Friday, March 19, 2010
Does Pay for Performance Improve Health Care Quality?
This post by Evan Falchuk, JD, appeared at Better Health.
The Jobbing Doctor, a primary care doctor in the U.K., writes about the British version of what Americans call "Pay for Performance," or "P4P."
He says something I've said many times before (like here, here and here), which is this: Incentives fail because they try to treat medicine as an assembly line process when it's not.
But what's most interesting about his post is that it could have been written by a doctor from anyplace on the planet Earth.
The Jobbing Doctor talks about a U.K. program that started in 2004 called the Quality and Outcomes Framework, or "QoF." Now, the American "P4P" is a much more catchy name, so score one for American marketing. But it doesn't matter what you call it, that which we call a rose would, by any other name smell as sweet.
Or, as in this case, as sour.
According to the Jobbing Doctor, QoF has actually increased costs (or at least doctors' income; he says it went up 33%) because the government seemed to have underestimated the extent to which doctors were already delivering high quality primary care. He also notes that because the guidelines are so crude and so focused on certain illnesses, there are incentives to meet targets rather than understanding a patient's medical condition. It's pretty much the opposite of what doctors are taught to do in their training. And his complaints about QoF sound very similar to complaints from doctors in other countries about the impact of such well-meaning efforts by government and private industry.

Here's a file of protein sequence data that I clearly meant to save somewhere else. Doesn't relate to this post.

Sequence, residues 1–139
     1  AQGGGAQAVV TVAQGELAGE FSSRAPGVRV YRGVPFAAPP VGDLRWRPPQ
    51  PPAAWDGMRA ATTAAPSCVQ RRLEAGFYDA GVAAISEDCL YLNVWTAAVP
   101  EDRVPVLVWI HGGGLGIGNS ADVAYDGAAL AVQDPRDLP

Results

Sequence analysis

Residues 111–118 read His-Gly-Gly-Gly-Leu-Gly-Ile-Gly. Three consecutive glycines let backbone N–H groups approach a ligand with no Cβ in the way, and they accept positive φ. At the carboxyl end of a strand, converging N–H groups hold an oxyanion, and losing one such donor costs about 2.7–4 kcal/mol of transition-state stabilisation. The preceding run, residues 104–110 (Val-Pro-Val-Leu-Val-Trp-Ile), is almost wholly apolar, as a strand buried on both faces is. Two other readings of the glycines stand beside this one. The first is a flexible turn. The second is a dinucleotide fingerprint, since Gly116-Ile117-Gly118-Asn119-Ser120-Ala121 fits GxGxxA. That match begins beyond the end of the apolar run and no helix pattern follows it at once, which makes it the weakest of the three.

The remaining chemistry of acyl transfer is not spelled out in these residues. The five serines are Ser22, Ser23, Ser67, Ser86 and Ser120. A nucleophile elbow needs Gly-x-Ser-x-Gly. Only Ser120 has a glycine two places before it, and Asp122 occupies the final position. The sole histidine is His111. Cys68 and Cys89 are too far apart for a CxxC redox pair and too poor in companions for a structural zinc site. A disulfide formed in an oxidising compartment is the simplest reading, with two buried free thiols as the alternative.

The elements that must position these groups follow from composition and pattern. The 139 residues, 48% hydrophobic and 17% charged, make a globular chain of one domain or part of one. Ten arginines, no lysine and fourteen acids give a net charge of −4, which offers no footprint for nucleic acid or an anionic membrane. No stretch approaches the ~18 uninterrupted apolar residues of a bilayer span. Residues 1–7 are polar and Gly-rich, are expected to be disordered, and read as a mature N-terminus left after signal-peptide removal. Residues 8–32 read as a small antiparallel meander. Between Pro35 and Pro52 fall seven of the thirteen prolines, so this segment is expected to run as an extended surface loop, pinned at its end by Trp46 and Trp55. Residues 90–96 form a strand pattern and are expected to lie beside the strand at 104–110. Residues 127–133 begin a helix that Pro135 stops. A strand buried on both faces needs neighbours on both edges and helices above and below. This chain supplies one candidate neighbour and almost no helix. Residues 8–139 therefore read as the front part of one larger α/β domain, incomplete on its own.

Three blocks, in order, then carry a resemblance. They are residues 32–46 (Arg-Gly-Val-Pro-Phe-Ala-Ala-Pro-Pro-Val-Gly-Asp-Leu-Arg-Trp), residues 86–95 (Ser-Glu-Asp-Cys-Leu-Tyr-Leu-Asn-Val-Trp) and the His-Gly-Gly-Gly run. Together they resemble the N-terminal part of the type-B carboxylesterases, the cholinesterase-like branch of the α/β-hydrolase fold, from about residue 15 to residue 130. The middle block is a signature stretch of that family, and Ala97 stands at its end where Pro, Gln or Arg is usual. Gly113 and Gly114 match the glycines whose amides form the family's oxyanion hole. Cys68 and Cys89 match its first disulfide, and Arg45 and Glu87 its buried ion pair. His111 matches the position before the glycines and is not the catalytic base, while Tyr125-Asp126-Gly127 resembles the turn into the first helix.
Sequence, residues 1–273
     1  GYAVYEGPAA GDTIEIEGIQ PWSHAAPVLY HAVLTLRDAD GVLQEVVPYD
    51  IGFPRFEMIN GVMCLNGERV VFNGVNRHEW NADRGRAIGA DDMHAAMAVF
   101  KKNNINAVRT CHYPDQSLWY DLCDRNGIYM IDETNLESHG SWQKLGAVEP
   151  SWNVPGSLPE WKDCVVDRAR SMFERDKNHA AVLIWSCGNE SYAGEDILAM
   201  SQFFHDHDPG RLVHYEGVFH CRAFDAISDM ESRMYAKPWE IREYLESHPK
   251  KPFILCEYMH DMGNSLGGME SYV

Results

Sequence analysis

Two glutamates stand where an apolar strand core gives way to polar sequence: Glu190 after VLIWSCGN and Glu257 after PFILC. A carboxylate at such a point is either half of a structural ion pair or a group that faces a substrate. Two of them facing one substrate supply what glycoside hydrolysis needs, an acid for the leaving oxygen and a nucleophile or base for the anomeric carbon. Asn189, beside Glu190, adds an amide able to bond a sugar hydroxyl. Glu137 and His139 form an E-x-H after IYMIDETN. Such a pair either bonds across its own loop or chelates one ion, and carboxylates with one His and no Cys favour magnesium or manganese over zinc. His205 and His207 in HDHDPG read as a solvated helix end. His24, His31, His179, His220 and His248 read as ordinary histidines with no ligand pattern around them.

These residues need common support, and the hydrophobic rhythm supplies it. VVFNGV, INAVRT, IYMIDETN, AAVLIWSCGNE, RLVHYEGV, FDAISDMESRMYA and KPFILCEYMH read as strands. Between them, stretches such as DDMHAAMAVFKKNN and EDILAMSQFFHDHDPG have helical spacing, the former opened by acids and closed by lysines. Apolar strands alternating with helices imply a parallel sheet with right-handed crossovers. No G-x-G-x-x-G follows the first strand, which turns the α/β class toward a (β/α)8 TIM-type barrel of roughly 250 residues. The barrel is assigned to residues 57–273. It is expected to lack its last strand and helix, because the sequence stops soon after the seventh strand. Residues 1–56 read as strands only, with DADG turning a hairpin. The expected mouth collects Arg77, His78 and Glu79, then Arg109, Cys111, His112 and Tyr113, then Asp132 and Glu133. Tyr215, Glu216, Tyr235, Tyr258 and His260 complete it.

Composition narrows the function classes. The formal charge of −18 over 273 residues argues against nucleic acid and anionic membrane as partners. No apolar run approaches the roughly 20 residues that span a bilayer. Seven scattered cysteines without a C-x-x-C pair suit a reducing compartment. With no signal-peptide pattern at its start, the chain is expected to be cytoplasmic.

Which is the larger point.
As Jobbing Doctor put it so eloquently, measures like these distort the practice of medicine and take it away from what is really important:
The other downside is that ideas like the QoF diminish a profession's values and judgments, meaning that high quality care is not driven by an internal motivation for doing a good and valuable job well, rather we have to be driven by targets. Targets are the antithesis of professionalism.
So, yes, the quality of medical care needs to improve. But how you define quality is the first question that must be answered. If I'm sick, I want my doctor motivated and paid to do "a good and valuable job well."
This post originally appeared on Better Health, a network of popular health bloggers brought together by Val Jones, MD. Better Health's mission is to support and promote health care professional bloggers, provide insightful and trustworthy health commentary, and help to inform health policy makers about the provider point of view on health care reform, science, research and patient care.
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